Not long ago I spoke to a former teacher who said that she didn't believe that poverty was something that can impact academic success. My first thought was that she has never truly been hungry, experienced unemployment, transient or inadequate housing, a lack of heat or medical care...any of the above and tried to learn.

I would have assumed she'd at least have remembered Maslow's Hierarchy of Needs. 

That aside, perhaps the school rankings based on state assessments might have been made available, and with a rudimentary knowledge of wealthy vs not wealthy communities a person could see a fairly clear correlation between income levels and test scores.

Don't get me wrong, I believe that students from a low socioeconomic background can learn, and be successful in school. Students from low income families are now in the majority in U.S. public schools. I am a public school teacher in an urban district. I would be a walking contradiction if I believed otherwise.

However, the success of the low income student comes with an extraordinary effort that often involves not only the public schools, but a combined effort of public and private nonprofit agencies providing remediation services to satisfy the primary needs of the student. Only with a freedom from hunger, an assurance of housing, security, and a sense of stability can a student move forward with any sort of focus on academics.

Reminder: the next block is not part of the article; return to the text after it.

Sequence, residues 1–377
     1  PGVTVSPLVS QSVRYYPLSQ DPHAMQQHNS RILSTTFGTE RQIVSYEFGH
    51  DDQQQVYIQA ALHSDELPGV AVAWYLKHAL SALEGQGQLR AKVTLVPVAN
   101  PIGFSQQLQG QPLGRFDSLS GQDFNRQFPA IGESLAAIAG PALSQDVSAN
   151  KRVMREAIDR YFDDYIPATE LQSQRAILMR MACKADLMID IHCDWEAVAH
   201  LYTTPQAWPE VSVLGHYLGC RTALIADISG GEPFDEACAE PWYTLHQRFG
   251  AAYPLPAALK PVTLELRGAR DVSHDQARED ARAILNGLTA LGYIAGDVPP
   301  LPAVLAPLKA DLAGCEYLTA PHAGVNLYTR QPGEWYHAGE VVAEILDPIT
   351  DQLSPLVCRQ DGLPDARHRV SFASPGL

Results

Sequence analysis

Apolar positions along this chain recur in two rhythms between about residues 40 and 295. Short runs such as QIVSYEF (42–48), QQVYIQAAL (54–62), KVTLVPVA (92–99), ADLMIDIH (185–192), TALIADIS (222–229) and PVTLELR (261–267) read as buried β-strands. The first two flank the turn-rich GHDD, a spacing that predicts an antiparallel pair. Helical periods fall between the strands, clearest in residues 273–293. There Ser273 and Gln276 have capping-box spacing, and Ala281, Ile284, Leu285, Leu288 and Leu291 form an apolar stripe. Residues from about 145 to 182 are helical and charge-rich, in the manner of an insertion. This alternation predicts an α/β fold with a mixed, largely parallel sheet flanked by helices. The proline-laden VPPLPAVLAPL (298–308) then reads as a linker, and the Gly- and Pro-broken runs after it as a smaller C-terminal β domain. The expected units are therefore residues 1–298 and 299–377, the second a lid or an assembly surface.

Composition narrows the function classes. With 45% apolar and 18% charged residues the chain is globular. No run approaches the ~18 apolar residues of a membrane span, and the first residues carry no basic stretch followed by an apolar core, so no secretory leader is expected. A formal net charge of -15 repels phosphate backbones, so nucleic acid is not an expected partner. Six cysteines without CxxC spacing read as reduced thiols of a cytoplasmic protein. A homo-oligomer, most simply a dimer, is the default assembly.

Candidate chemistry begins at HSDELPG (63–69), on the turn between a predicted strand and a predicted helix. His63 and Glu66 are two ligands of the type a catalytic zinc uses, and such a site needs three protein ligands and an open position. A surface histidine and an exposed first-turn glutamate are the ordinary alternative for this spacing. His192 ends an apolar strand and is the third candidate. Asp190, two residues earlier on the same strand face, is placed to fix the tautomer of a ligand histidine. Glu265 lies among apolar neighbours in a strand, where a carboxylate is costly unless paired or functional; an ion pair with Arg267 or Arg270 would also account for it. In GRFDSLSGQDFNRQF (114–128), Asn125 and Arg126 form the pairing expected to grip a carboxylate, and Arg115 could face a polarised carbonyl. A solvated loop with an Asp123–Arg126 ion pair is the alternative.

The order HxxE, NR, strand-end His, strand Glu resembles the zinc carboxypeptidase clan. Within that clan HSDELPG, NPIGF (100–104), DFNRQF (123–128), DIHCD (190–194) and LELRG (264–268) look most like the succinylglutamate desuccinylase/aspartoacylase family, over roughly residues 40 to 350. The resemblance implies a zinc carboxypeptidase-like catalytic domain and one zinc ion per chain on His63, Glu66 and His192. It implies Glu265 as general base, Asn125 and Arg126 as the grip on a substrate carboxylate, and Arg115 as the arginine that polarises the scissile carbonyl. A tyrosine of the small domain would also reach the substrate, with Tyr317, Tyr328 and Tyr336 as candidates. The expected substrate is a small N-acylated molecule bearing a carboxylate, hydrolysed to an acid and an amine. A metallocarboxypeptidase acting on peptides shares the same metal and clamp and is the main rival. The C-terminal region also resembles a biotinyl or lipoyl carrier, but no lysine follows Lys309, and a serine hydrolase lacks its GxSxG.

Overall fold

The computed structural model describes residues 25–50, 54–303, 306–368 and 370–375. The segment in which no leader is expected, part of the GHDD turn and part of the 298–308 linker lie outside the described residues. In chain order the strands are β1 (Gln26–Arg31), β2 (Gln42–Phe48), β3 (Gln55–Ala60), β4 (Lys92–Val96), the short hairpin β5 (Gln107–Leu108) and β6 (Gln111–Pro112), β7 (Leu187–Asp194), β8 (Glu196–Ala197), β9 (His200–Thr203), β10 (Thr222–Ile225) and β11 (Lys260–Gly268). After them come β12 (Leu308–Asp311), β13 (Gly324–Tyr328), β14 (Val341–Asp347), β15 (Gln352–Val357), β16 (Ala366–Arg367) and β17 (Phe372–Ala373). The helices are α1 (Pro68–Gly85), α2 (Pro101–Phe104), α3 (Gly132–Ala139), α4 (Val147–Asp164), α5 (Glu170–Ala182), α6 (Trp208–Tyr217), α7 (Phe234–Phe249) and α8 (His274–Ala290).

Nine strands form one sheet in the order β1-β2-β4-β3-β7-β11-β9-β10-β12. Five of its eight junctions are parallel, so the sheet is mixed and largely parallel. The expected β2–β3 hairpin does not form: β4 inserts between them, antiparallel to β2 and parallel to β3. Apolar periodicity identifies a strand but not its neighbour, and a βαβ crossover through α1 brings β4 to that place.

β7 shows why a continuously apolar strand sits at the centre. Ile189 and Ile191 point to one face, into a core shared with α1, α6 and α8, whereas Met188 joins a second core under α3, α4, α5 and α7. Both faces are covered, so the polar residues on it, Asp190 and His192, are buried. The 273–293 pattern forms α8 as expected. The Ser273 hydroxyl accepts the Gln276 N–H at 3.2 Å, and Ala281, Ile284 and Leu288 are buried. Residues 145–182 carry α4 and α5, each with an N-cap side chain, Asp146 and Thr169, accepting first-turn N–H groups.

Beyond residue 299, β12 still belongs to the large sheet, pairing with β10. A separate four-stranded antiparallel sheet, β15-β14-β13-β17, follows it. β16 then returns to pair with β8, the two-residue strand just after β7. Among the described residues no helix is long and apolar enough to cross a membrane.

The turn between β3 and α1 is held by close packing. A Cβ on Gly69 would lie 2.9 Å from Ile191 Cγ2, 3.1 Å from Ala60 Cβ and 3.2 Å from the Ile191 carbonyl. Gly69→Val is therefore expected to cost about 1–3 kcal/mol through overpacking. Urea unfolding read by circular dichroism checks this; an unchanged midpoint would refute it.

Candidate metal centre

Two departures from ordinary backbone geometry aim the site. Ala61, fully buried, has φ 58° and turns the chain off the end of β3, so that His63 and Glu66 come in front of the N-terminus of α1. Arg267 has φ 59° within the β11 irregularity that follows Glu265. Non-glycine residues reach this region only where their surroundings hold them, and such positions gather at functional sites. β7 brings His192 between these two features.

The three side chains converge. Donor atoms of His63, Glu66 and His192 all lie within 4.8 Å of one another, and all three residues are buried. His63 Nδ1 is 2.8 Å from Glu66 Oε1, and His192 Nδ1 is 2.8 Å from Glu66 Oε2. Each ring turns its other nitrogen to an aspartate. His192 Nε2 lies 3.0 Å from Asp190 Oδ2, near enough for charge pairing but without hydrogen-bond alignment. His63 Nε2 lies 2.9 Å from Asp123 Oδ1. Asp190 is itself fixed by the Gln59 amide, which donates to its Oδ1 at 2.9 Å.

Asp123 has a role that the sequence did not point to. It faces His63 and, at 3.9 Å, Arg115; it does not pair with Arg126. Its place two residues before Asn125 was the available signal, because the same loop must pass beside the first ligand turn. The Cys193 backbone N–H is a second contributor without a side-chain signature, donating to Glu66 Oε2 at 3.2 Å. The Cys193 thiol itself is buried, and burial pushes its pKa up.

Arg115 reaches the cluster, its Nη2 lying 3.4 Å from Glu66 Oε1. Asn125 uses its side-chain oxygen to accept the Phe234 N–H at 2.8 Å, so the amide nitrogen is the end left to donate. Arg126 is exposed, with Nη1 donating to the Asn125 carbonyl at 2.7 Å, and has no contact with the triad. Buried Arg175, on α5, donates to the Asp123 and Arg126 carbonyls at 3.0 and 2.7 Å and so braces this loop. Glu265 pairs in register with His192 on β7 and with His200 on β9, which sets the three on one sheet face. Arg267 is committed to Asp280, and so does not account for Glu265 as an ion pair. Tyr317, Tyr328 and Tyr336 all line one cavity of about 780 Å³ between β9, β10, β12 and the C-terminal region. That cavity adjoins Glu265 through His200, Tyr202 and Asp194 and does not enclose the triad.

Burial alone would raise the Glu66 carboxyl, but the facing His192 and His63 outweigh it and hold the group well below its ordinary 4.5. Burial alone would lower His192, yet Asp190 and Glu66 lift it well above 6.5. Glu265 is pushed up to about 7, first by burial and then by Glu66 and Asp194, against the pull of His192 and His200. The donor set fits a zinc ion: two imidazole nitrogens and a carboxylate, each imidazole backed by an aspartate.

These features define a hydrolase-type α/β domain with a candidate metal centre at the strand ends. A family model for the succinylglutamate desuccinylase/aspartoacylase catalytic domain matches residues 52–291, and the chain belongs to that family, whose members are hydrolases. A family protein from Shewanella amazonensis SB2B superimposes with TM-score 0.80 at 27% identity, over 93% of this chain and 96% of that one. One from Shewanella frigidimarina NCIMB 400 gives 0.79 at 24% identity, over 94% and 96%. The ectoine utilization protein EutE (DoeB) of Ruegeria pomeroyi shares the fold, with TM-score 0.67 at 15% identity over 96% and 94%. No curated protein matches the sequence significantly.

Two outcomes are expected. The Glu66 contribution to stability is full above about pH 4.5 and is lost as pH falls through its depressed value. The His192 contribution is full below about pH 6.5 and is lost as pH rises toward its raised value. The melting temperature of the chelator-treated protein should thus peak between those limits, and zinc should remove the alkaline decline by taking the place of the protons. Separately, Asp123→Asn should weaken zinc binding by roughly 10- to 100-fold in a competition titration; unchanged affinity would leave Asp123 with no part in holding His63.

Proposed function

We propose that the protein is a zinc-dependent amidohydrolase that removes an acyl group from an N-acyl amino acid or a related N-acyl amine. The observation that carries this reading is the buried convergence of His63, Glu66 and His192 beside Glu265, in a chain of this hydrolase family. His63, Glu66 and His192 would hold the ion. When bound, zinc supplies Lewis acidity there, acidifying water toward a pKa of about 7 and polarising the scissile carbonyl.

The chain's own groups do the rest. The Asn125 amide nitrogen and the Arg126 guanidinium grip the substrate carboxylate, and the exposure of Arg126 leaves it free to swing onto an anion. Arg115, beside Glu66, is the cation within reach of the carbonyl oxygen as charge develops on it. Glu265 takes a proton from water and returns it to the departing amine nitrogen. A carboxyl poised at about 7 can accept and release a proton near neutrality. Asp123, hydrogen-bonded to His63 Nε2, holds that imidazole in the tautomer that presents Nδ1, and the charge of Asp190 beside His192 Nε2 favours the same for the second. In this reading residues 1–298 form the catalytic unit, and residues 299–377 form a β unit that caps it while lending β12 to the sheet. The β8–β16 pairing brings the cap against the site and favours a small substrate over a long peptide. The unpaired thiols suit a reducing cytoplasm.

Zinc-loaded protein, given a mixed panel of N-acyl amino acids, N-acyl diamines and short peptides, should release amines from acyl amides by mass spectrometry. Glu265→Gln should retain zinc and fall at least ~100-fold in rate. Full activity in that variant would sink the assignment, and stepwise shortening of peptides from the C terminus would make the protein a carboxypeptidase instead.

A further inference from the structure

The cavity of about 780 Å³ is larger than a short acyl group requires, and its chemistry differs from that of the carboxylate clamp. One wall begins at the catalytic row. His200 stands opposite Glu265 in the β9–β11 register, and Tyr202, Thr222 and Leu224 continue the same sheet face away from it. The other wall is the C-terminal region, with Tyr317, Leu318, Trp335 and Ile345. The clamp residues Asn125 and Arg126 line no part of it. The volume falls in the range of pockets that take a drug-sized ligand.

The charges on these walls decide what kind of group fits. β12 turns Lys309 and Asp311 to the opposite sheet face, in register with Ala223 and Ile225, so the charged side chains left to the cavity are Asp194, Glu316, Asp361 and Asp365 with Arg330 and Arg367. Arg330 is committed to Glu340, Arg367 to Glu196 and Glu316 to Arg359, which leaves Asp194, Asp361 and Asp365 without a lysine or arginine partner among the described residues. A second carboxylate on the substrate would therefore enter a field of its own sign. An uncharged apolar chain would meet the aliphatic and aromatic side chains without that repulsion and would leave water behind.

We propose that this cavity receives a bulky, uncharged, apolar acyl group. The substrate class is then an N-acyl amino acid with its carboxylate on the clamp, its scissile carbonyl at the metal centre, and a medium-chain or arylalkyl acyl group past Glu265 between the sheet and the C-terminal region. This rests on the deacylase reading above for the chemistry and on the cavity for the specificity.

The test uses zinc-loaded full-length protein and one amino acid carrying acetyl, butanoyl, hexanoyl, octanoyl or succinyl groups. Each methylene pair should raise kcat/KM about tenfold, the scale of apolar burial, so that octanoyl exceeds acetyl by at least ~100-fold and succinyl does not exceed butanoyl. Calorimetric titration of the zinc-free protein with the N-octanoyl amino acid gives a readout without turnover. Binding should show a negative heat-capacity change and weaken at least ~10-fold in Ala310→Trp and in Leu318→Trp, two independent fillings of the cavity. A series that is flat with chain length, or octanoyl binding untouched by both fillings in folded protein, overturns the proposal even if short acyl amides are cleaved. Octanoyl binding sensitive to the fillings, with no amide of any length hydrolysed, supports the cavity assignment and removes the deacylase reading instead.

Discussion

No, I do not think that poverty prohibits learning, but I believe it is terribly foolish to think that it is a non-issue. Our policy makers would be well served to consider this argument.

Yeah, the tests are shorter this time around. Last year's Ohio assessments were like getting punched in the throat. Twice. This year we're only getting punched in the throat once. And guess what, they will still only measure your child's economic status, with little variation, and they will do absolutely nothing to better the education of Ohio's kids, rich or poor. Millions of dollars will be spent on our revised testing system, that could be used in far more effective ways.